• Essential Health Benefits. Qualified health plans must offer certain core benefits. These include coverage for behavioral health services, emergency services, maternity and newborn care and preventive/wellness services.
  • Coverage for Preventive Care. Actively taking care of your health can help you avoid health risks and reduce costs. One of the most important things to do is get regular preventive care, like immunizations and screenings. Check with your provider to find out which ones are appropriate for you and your family. All health plans offered through an Exchange—and many others—cover certain preventive services at no cost; you don’t even have to pay deductibles or copays. Learn more about covered preventive care.
  • Levels of Cost-Sharing. Most plans require cost-sharing: you pay for a portion of your care, and your insurer covers the rest. Qualified health plans are grouped into five categories of cost-sharing: Platinum, Gold, Silver, Bronze and Catastrophic. Your monthly premium payments are higher for Platinum and Gold plans than for Silver and Bronze plans, but those higher-premium plans require lower deductibles, coinsurance and copays.  A catastrophic plan is a special type of plan for people under 30 and those with “hardship exemptions.” These plans typically have lower monthly premiums but cover your medical costs only after you’ve used a lot of medical care—such as care associated with serious illnesses and injuries. On your Exchange website, you will be able to compare all of these costs and see what type of plan works best for you.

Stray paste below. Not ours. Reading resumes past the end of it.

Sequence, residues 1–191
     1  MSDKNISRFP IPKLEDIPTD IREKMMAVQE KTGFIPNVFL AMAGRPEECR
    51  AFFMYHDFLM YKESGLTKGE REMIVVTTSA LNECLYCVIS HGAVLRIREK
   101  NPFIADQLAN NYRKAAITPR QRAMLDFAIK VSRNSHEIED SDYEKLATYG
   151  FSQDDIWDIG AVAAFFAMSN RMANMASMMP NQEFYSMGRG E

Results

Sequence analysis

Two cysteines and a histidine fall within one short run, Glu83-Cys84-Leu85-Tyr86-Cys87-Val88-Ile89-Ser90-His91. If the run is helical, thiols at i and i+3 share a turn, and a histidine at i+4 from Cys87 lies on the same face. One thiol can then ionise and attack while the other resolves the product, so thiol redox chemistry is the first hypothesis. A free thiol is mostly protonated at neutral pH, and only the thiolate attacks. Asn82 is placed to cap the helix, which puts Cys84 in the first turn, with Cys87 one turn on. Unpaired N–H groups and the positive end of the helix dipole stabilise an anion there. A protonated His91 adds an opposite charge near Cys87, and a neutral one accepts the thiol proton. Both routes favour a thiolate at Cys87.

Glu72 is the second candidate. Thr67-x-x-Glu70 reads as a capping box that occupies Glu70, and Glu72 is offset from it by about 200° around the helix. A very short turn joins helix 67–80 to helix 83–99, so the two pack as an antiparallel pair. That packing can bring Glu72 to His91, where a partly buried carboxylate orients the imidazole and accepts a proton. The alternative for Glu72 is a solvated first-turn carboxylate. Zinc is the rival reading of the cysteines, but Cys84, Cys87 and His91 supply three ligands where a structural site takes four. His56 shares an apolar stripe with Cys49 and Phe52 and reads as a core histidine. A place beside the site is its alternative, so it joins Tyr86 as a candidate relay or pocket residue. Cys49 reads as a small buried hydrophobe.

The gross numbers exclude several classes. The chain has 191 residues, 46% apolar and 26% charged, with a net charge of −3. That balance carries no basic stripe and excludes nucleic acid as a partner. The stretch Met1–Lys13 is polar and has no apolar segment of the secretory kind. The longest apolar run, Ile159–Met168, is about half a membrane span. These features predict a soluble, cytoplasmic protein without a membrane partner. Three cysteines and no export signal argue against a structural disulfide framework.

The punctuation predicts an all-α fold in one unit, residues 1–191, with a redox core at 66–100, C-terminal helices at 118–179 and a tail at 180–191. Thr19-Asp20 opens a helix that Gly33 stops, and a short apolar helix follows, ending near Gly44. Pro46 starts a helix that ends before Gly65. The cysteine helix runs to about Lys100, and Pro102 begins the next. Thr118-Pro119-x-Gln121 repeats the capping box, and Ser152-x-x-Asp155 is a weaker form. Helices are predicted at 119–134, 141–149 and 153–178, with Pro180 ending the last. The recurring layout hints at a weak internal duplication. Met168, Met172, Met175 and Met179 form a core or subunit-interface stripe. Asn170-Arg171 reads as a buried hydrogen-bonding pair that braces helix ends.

Remember, all plans will cover, at a minimum, the same essential benefits, like preventive care—the big difference will be how much you must pay.

 

What If I Can’t Afford a Health Plan? 

When you enroll in a health plan, you generally pay a premium to your health insurance company for health coverage. When you get health insurance through an employer, your employer generally pays a portion of the premium and you pay the rest, usually through deductions from your paycheck.

If you enroll in a plan through an Exchange, you will pay the cost yourself. But, you may qualify for financial help—and you won’t have to figure out on your own whether you’re eligible for that assistance. When you submit your application, it will be sent automatically to the right place to determine what kind of financial help, if any, you can receive.

Premium Tax Credit

Based on the information you include on your Exchange application, you may qualify for a premium tax credit to help you pay the plan premium. You may be eligible for a credit if you are under age 65 and are not eligible for employer coverage, Medicaid or Medicare. Your income and family size also affect your eligibility for financial help. 

You can learn more about tax credits by visiting the healthcare.gov glossary. The Kaiser Family Foundation offers a Health Insurance Marketplace Calculator that you can use to see what type of assistance you may qualify for.

Medicaid and CHIP

Under the ACA, many states have expanded Medicaid eligibility to more people. If you live in one of those states, and your income is less than 138 percent of the federal poverty level (currently $33,534 for a family of four), you will be able to enroll in Medicaid using the federal Exchange at www.healthcare.gov.

The Children’s Health Insurance Program (CHIP) offers low cost health insurance coverage for children as well as for some parents and pregnant women.  You can find more information about CHIP by visiting: 

Your Action Plan: Get Your Affordable Care Act Together


If you don’t have health coverage and you don’t want to pay a penalty for being uninsured, start thinking about buying coverage through an Exchange.  


 

Being in the know about the ACA can help you make smart decisions and get the coverage that’s right for you and your family!